Can I use a deed when buying as joint tenants?

No. When buying as Joint Tenants, you can't own separate shares of the beneficial interest. To own separate shares, you need to:

Examples of when to use a deed of trust

  • 1

    Unmarried couples

Unmarried couples should never buy a property without a deed. The relationship can end as quickly as it started; however, the couple are still bound by the mortgage and the property. Unlike married couples who can rely on the divorce/family courts to work out what each is owed, unmarried couples don't have this.

Where a relationship breaks down for unmarried couples, a Judge will put a huge weight on the deed of trust and question why it shouldn't be used to distribute the proceeds of the property or if there is a dispute over selling.

A floating deed of trust suits unmarried couples better because if they break-up and one party moves out, the party remaining in the property paying more of the mortgage can increase their beneficial interest (equity) in the property until the sale.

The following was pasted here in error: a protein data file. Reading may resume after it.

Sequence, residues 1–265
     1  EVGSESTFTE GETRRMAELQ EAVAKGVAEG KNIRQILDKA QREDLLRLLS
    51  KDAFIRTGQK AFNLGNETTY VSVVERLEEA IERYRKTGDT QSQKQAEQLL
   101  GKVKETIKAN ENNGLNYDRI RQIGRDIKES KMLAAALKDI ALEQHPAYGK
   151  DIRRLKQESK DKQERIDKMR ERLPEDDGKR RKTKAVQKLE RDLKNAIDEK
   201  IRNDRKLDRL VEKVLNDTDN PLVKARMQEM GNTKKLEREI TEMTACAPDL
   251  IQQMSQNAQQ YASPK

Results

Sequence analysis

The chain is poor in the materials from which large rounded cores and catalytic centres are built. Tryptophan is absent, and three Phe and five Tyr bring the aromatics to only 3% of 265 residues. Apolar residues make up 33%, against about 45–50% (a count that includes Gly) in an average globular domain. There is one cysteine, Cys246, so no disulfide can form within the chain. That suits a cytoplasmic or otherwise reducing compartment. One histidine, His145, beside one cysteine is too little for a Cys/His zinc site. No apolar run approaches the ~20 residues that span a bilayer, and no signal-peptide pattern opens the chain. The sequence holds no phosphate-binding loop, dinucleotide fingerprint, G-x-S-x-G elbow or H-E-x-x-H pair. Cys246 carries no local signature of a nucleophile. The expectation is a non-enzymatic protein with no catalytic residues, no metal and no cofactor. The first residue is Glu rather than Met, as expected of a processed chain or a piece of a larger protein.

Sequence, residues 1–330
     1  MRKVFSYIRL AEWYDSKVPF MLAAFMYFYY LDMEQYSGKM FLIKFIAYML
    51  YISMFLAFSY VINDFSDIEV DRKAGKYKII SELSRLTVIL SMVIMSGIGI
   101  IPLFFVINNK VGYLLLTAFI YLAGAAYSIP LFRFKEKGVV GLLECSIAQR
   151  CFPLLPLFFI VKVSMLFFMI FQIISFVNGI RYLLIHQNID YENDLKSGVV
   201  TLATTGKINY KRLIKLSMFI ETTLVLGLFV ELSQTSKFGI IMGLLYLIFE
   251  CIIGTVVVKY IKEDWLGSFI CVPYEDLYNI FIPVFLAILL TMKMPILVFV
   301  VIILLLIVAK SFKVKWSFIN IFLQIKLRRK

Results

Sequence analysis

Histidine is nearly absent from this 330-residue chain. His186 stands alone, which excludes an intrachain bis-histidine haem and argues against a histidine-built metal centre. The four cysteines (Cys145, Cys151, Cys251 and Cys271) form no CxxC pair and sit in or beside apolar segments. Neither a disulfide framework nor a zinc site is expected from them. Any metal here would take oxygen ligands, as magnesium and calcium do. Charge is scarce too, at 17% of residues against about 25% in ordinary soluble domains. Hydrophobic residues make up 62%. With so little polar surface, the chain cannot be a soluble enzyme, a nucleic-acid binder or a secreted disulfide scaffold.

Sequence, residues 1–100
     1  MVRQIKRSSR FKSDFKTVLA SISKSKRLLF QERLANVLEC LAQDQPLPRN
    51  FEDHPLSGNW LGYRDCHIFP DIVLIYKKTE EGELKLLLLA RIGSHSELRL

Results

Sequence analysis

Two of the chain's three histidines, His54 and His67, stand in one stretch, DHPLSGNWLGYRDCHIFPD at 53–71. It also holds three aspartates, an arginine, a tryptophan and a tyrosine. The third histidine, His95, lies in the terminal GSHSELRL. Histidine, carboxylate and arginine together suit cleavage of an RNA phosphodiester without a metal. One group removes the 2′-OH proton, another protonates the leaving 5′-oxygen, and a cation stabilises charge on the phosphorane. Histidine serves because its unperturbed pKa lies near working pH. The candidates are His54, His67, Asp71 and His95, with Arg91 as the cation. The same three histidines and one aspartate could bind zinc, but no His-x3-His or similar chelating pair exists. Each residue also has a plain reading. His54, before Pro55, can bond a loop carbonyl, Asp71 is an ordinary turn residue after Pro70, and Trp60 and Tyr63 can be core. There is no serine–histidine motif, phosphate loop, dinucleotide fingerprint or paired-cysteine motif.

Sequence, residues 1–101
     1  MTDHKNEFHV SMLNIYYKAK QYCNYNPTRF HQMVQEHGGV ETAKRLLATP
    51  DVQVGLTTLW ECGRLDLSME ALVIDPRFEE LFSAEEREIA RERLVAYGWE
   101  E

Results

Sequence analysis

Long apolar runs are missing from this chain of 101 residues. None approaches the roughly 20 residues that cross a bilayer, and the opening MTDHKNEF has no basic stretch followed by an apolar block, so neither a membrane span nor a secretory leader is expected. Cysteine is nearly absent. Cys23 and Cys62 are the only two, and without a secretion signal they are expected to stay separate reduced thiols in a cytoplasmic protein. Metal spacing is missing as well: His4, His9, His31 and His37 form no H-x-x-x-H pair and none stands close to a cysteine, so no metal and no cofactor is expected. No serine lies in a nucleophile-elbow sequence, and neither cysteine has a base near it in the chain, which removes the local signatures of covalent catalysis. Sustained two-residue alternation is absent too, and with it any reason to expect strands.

• 2

    Married couples

A deed of trust rarely suits married couples because of the family courts in a divorce. When you divorce, you declare all the joint assets and provide the deed. While the judge reviews the deed, the decision on the split of assets is up to the judge, and the deed is often set aside when making that decision, especially if there are dependents or children. Plus, even if there is a clause in the deed regarding sale, a Judge won't decide on enforcing it whilst the divorce is being finalised.